Here is more perspective on the advancement of third baseman/first baseman Drew Mendoza, who finally got his shot to participate in workouts and games in Fredericksburg, Va., in the summer. The No. 11 Nationals prospect joined other top 20 Nationals prospects, according to director of player development Mark Scialabba.
“We got him to the alternate site start of September. Along with shortstop Jackson Cluff (No. 20) and catcher Israel Pineda (No. 14), we had the ability to get him there to get some reps and to work with (Triple-A hitting coach) Brian Daubach,” Scialabba said. “He did a nice job offensively, continuing to (work). He was behind, you could tell, but that is normal. We expected that for a lot of the hitters. It takes roughly between 15-20 days of live pitching to really get your timing down. By the time he left there, he was in a very good place and carried that into the instructional league camp.”
And when the 23-year-old Mendoza got going, the Florida State product demonstrated how he had been able to increase power in his swing by shortening his path to the ball.
“He is really just working on shortening up, being more aggressive with pitches in the strike zone that he can handle,” Scialabba said. “Driving the baseball, using all parts of the field. I think he is someone that has a very good awareness of the strike zone. He’s disciplined, but also we want to continue to utilize his strengths and his ability to hit the fastball and hit pitches in the zone that he can drive. We are high on him as a left-handed bat that can get on base and drive in runs. He’s showing signs of that each day.”
Cluff was also in Fredericksburg with Mendoza for a time. The BYU product moved with Mendoza to West Palm Beach, Fla., where they continued workouts in the fall instructional league.
Cluff spoke this summer about the influence veteran Brandon Snyder had on his progress as a player in preparations for a potential major league career down the road. Scialabba said players like Snyder - who has played for five different major league teams from 2010-2018 and in 2019 hooked on with the Nats for 116 games at Triple-A Fresno - are important in the growth of youngsters.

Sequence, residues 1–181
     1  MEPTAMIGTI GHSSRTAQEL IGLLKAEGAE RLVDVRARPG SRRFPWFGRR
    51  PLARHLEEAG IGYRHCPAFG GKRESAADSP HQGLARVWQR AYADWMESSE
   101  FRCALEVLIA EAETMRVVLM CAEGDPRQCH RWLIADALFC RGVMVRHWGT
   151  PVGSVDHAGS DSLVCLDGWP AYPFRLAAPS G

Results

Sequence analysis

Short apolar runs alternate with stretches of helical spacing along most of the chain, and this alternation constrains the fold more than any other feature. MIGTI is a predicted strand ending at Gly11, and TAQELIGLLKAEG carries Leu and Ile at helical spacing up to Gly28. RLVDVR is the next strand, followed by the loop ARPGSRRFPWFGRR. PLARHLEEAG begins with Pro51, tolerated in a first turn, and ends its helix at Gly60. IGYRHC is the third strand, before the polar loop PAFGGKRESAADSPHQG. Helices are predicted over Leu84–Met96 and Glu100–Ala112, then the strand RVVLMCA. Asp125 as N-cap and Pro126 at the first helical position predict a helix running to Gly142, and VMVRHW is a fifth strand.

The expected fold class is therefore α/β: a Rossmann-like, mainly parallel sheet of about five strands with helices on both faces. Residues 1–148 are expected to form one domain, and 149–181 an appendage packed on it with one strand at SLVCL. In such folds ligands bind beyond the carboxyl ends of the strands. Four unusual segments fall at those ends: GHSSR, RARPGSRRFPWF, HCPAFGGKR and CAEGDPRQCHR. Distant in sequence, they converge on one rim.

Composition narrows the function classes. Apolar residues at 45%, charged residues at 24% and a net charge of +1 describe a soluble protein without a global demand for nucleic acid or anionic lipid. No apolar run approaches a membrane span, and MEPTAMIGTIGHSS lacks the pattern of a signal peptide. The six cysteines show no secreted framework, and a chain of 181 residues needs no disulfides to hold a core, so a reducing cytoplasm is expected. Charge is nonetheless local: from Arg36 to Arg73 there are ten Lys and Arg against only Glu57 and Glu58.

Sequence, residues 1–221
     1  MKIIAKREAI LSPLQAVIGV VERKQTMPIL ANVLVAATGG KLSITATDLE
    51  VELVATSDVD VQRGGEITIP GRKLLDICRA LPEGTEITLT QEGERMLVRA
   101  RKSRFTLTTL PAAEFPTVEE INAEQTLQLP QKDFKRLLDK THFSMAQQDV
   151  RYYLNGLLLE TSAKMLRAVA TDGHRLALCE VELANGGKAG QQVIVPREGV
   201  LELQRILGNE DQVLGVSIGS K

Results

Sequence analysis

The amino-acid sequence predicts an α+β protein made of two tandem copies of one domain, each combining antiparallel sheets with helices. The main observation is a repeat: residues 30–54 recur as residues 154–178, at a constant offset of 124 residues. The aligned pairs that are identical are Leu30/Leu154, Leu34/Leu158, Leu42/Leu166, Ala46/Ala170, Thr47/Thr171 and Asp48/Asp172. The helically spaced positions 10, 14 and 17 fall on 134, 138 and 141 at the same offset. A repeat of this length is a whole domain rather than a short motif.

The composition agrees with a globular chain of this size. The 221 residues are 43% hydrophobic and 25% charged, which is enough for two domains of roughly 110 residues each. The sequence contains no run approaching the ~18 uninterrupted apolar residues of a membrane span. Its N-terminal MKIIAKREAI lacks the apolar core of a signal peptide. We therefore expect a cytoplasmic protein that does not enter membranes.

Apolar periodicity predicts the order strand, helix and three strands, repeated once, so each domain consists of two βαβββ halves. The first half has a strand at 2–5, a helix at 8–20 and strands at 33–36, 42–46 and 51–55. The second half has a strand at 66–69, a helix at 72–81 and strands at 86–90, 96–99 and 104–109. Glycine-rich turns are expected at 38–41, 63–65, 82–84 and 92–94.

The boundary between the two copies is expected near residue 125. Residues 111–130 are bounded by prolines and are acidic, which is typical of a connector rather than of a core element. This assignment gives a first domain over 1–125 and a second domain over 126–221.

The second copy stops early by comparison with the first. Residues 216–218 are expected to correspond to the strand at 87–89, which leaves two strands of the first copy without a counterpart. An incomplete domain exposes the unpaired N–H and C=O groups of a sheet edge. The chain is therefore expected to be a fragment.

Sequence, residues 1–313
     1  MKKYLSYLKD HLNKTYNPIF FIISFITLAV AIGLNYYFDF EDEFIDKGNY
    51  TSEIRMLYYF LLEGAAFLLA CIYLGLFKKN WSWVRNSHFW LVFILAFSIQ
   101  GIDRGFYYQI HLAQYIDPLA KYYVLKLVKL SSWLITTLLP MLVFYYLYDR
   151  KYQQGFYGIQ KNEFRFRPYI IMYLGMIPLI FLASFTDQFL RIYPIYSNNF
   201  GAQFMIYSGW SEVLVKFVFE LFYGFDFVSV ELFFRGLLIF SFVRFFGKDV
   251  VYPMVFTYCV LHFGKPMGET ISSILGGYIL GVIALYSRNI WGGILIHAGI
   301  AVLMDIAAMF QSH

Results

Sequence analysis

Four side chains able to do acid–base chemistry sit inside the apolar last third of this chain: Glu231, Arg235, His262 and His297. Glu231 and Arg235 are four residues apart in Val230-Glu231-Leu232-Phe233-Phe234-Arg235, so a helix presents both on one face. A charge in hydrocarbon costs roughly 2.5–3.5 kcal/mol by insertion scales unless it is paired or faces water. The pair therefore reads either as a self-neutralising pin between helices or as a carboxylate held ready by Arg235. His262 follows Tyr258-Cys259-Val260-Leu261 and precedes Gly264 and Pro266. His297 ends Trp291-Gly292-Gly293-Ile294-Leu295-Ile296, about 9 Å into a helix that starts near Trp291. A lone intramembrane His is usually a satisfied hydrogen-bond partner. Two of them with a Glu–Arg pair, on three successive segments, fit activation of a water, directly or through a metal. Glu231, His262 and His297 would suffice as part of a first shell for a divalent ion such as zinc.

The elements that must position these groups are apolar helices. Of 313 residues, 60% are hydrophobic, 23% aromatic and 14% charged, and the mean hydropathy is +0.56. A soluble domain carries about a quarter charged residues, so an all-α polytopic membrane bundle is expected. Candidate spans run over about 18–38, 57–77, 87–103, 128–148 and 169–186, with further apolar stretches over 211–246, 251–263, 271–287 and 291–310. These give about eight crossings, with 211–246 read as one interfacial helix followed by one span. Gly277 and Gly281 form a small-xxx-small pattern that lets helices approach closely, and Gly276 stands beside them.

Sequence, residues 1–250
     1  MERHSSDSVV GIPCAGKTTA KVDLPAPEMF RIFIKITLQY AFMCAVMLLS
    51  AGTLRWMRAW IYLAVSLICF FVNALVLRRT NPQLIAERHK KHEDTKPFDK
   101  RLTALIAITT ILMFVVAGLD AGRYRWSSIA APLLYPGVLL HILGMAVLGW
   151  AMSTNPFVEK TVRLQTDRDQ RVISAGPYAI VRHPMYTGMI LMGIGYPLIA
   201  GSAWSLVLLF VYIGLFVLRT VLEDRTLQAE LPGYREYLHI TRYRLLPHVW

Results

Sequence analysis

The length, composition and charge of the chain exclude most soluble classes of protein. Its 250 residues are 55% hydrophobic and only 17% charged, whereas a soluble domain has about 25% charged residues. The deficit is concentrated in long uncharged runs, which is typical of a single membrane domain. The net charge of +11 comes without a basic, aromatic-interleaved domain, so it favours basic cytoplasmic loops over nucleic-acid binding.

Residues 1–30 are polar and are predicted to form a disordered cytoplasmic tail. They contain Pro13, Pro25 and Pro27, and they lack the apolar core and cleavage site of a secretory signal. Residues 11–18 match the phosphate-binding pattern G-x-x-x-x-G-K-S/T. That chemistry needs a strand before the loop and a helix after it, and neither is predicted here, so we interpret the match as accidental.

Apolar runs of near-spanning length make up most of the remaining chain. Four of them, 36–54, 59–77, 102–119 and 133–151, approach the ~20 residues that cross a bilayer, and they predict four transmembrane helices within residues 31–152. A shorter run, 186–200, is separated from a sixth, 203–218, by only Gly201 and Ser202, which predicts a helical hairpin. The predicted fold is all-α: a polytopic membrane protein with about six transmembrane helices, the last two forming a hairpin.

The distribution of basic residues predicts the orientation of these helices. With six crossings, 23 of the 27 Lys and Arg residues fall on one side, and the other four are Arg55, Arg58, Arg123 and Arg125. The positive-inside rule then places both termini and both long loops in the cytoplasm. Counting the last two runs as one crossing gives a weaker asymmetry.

“It really takes special individuals to understand that (the mentoring of Nats prospects) is valuable to our organization, but it’s what the best players do,” Scialabba said. “They really understand the concept of being a good teammate. There are certain people that are leaders out of their nature. Brandon is one of them. He also wants that for the team that he is with. He was always like that even when he was in Triple-A. Obviously, his main focus is to get to the big leagues to help us. That’s his No. 1 goal. But you can also do that alongside of helping some of the younger players.”
Scialabba said guys like Mendoza, Cluff and Pineda also provided a new energy for players that had been in Fredericksburg for an extended time. Adding the extra players also helped the Nats get to the place where they could play nine-on-nine baseball instead of just employing a couple of outfielders to go after fly balls.
“I think when we are able to add some younger position players to the alternate site, it also allowed us to really have a sim game that resembled more of a real game because you had some defenders out there, a longer lineup,” Scialabba said. “It kind of rejuvenated some of the guys that had been there every day. It was a very monotonous experience for a lot of these guys. It’s not easy. But when you had some of these younger kids (arrive), they kind of rejuvenated some of these guys a little bit. Not that they need it, but it just changed the environment a little bit. Anytime there’s change it can be a good thing when you are in baseball because of how monotonous it can be.”
Scialabba pointed out that the mix of veterans and prospects was a good one this summer for the Nats. There were no cliques of experienced guys who were unwilling to help those players that were fighting for a shot. He noticed the entire roster working together.
“These are special guys that we have here,” Scialabba said. “They understand that we are all about trying to win at the major league level and anything they can do to help somebody down the road, they understand that they are giving back. Maybe somebody helped them when they were young and they know they can do that to the younger player. That’s value for us and they know that can help us in the long run.”